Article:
Culturetopia: Must-Listen Arts And Entertainment (Toe-Tapping Edition) : Monkey See In this week's Culturetopia: We've got lots of music, including a look at shock value, a visit to "Walking On Sunshine," and another of our 50 Great Voices.
NPR logo Culturetopia: Must-Listen Arts And Entertainment (Toe-Tapping Edition)

Culturetopia: Must-Listen Arts And Entertainment (Toe-Tapping Edition)

Culturetopia logo

I co-hosted this week's episode of Culturetopia with All Things Considered producer Justine Kenin, and we spent much of our time listening to musicians — from a lovely pioneer of Tejano music to one of the most infectious songs of 25 years ago (which I'm afraid to name, because no, it will not get out of your head once it's lodged in there).

We kicked off, however, with a look at the unusual trajectory of Dennis Hopper, who died this week at the age of 74.

Our cavalcade of music stories kicks off with my frequent co-host, Neda Ulaby, who has a look at the use of shock value in music, from the swiveling hips of Elvis to the impact of Erykah Badu stripping in Dealey Plaza for a music video.

Next up: If you didn't hear the story about the newly released recordings of Motown favorites in Spanish, German, Italian and French (done at the time for international markets), it's a hoot. The web version of the story at that link offers streams of a couple of the songs, including "You Can't Hurry Love," sung a little tentatively by the Supremes in Italian.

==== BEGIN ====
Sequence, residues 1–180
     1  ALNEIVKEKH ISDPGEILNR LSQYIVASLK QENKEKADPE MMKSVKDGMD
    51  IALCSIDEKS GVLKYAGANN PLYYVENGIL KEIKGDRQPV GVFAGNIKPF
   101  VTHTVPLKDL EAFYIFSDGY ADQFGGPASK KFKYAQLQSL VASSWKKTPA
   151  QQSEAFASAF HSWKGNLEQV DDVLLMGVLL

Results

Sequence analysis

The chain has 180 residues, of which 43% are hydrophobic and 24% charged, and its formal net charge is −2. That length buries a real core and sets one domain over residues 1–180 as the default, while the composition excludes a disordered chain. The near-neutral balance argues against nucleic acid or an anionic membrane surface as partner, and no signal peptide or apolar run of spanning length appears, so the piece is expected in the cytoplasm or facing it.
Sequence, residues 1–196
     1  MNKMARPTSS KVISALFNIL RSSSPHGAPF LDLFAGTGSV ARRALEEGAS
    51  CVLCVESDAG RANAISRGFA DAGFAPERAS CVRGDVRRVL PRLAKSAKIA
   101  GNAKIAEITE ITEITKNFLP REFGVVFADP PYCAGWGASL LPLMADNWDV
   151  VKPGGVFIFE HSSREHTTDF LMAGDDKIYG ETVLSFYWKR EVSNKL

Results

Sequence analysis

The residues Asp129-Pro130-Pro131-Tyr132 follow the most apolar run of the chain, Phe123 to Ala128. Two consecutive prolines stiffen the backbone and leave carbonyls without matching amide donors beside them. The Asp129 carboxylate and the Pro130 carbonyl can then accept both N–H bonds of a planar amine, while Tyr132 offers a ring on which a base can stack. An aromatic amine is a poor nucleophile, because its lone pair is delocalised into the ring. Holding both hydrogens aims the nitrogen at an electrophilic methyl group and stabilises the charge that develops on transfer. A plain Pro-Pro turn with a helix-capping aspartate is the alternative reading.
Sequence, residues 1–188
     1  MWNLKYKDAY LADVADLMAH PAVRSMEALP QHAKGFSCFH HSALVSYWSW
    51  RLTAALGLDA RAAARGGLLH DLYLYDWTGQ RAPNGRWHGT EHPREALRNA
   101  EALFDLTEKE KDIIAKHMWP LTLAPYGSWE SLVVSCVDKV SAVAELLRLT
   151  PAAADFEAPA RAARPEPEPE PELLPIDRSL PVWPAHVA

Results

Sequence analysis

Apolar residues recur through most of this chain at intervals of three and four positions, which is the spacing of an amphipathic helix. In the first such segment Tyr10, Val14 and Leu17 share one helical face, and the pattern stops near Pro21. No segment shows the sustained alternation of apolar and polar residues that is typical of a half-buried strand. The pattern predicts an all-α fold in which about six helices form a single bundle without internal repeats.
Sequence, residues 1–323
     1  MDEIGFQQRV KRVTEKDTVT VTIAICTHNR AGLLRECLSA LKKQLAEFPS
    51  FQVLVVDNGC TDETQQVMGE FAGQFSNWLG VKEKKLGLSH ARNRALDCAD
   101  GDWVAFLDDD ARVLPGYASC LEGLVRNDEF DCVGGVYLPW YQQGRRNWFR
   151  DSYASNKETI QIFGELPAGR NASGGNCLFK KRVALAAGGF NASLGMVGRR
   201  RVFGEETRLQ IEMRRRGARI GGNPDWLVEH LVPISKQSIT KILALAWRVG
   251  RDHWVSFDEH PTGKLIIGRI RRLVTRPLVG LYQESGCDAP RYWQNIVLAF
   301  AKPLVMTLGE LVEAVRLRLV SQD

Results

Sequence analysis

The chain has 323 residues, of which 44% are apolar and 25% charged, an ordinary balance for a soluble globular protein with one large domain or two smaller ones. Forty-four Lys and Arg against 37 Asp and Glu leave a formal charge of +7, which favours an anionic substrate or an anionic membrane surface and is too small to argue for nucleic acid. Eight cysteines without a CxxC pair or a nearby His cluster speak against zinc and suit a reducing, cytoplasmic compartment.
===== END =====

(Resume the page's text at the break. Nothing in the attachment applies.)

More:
Like it or hate it, Katrina And The Waves' "Walkin' On Sunshine" is apparently going to be with us forever and ever, as long as there are commercials and montages, and All Things Considered had the story last week about what it's like to live off the royalties of a single song.

We finish up with Lydia Mendoza, another of NPR's 50 Great Voices. If there's a lovelier nom de ... er, song ... than "the Lark of the Border," I've never heard it.

Enjoy the podcast by tapping the play button below, or just subscribe to the podcast, and some of our best arts and entertainment reporting will float itself into your ears every week without your even having to ask for it.